normal marrow
(Fig. 1 C).
In one case of a pelvic osteogenic sarcoma, the extensive
marrow involvement
shown by MR changed the surgical
approach
to a hemipelvectomy.
MR can also show metastatic
sites of osteogenic
sarcoma even when there is calcified

of both osteogenic

and Ewings

signal intensity,

and these

two tumors
could not be distinguished
based on Ti
signal intensity.
MR showed cortical thickening
and tumor infiltration

or T2
of the

cortex by both types of tumors. In four cases where cortical


disease was seen on plain film and/or CT, no cortical disease
was evident on MR. Cortical involvement
by Ewings or
osteogenic sarcoma is identified on MR by the replacement
of the

dark

signal

of the

signal intensity

Both

cases in which CT was perforrned, MR showed better the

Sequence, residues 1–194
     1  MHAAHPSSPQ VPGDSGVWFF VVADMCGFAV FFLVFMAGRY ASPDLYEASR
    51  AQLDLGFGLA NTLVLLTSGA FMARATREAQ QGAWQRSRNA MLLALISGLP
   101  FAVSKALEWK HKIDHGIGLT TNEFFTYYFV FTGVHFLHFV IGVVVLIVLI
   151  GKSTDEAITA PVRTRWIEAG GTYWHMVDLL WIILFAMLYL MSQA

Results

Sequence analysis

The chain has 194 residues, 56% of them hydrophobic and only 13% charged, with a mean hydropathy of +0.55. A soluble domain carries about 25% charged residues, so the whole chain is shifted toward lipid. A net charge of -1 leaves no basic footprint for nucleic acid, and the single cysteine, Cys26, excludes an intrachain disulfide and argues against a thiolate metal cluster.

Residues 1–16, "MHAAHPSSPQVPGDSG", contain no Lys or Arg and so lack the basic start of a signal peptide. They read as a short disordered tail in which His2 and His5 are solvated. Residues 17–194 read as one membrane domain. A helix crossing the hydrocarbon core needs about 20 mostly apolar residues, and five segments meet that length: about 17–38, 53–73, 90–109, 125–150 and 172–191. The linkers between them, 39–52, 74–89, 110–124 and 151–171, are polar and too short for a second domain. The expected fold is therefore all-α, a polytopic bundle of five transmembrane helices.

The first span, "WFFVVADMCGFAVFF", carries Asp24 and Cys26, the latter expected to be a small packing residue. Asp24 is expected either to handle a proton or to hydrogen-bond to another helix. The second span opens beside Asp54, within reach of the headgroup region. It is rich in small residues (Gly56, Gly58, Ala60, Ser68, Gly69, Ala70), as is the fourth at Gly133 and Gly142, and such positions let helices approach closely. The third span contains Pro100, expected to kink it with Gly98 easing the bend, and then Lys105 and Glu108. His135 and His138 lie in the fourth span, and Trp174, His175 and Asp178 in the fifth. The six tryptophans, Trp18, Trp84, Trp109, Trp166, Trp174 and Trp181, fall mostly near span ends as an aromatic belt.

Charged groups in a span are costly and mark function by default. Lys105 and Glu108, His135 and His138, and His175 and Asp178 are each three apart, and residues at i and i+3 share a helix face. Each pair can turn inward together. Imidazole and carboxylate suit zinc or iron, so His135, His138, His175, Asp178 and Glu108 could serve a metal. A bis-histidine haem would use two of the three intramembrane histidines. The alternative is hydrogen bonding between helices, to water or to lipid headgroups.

soft-tissue mass in six, including one case of Ewings where
the mass was isodense with muscle on CT (Fig. 1A). Marrow
involvement was evident in all cases imaged by MR and CT,

component

had an inhomogeneous

creased

Resufts

February 1987

CT and

plain

cortex

with

the

of the invading
radiographs

and localization

of calcifications

of calcification

produced

comparatively

in-

tumor.

provided

better

definition

in all cases. On MR large foci

discrete

areas

of signal

void

(Fig.

2A). Small calcifications


resulted in an inhornogeneous
appearance in some cases (Figs. 3 and 4). The areas of lowest
signal in tumors on MR did not always correspond
to areas
ofcalcification
(Fig. 4). Fourteen cases had periosteal
reaction
seen on plain films or CT, and this could be identified